Places Discussed

(Critical Guide to Settings and Places in Literature)


*London. Great Britain’s capital city, a place cloaked in brown fog, is populated by people who walk in circles without connection to anything or anyone. The walk from London Bridge down King William Street leads past a church to the financial district, which for Eliot represents spiritual and cultural emptiness. Although the street, named after William the Conqueror, the first king of England, and the church carry important names in England’s rich history and religious experience, the citizens take no note of them. Other scenes convey this spiritual emptiness: a tawdry sexual encounter between a clerk and a secretary in her shabby apartment and a conversation in a saloon involving an anxious pregnant woman concerned about how to deal with a pregnancy by another man now that her lover is returning from a tour of duty in the army.

*London Bridge

*London Bridge. Historic bridge over the River Thames; a transcendental symbol of all that is good and promising in contemporary life, London Bridge leads to the city of the dead, to the loss of possibility and meaningful spiritual life.

*River Thames

*River Thames tehmz). England’s greatest river symbolizes a more romantic and joyful past and, in its present polluted condition, the spiritual emptiness of modern life. An elaboration of this symbolism comes in the reference to the Leman, the Swiss name for Lake Geneva, where Eliot was convalescing while writing this poem. Through the connection of watery sites, Eliot identifies with the biblical psalmist lamenting the spiritual desolation of the exiled Jews in Babylon.


*Europe. Selected sites in Europe also convey a sense of lack of roots or connection to the past. The references to the Starnberger See and the Hofgarten convey a sense of nostalgia for an earlier, more innocent time.


*Ganga. The water references to the Ganges, India’s sacred river, and the dark clouds over Himavant, the Himalayan Mountains, symbolize the potential for spiritual renewal.

Historical Context

(Poetry for Students)

World War I
While Eliot published The Waste Land in 1922, it was widely acknowledged as reflecting the disillusionment in...

(The entire section is 506 words.)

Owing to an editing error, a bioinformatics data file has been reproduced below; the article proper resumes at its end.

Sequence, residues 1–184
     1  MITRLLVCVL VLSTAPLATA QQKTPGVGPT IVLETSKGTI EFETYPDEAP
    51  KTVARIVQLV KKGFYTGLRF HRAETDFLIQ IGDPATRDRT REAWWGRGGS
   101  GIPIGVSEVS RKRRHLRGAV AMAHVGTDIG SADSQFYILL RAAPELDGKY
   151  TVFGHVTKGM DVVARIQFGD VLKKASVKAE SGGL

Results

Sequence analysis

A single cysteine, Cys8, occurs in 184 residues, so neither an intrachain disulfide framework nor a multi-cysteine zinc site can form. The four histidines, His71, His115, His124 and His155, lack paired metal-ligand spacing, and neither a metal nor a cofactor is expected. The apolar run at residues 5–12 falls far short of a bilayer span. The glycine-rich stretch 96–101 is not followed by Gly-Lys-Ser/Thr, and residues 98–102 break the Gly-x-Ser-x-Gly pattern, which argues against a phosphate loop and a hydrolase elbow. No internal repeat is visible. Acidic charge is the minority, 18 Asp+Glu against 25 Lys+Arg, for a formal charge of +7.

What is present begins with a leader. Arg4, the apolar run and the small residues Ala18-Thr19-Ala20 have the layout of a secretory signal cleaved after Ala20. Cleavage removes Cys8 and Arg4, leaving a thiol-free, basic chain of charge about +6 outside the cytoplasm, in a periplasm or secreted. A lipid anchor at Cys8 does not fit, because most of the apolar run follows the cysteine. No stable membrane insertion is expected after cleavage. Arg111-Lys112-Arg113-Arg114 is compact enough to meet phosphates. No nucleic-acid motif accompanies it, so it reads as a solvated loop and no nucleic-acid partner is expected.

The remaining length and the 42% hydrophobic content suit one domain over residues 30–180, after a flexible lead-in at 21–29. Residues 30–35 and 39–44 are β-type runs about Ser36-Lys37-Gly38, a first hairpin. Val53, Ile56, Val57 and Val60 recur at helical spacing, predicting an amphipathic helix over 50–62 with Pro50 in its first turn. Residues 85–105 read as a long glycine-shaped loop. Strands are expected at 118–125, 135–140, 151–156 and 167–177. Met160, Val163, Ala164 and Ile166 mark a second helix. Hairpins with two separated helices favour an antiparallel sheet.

Literary Style

(Poetry for Students)

The most important aspect of the work, and the one that informs all others, is the literary movement to which it...

(The entire section is 266 words.)

Topics for Further Study

(Poetry for Students)

Find a painting, movie, or other visual artwork you think could serve as a companion piece to the poem. Explain why you think this pairing...

(The entire section is 136 words.)

Media Adaptations

(Poetry for Students)

Eliot’s The Waste Land and several other works were adapted as an unabridged audiobook in 2000, featuring narration by the author....

(The entire section is 37 words.)

What Do I Read Next?

(Poetry for Students)

Many critics highlight the fact that Eliot wrote The Waste Land while he was suffering a nervous breakdown. Another group of...

(The entire section is 526 words.)

Bibliography and Further Reading

(Poetry for Students)

Aiken, Conrad, “An Anatomy of Melancholy,” in New Republic, Vol. 33, No. 427, February 7, 1923, pp....

(The entire section is 449 words.)


(Critical Guide to Settings and Places in Literature)

Bergonzi, Bernard. “Allusion in The Waste Land.” Essays in Criticism 20, no. 3 (July, 1970): 382-385. An important analysis of Eliot’s use of both high and low allusions in the poem.

Brooks, Cleanth, Jr. “The Waste Land: An Analysis.” Southern Review 3, no. 1 (1937-1938): 106-136. An influential New Critical reading of the poem that draws out the complexities and the ironic structure.

Canary, Robert H. T. S. Eliot: The Poet and His Critics. Chicago: American Library Association, 1982. A thorough bibliography on the poet and his works and a series of bibliographical essays that discuss various critics who have dealt with Eliot’s criticism and poetry.

Frye, Northrop. T. S. Eliot. New York: Grove Press, 1963. An analysis of Eliot’s works primarily the critical perspective of myth. Excellent conclusions on the archetypal aspects of The Waste Land.

Kenner, Hugh, ed. T. S. Eliot: A Collection of Critical Essays. Englewood Cliffs, N.J: Prentice-Hall, 1962. A useful collection of essays, part of the Twentieth Century Views series. Contains a number of important essays, including three on The Waste Land.

Williamson, George. A Reader’s Guide to T. S. Eliot. New York: Noonday Press, 1953. A close reading of all of Eliot’s poems, with a useful introduction to the interpretative problems of The Waste Land.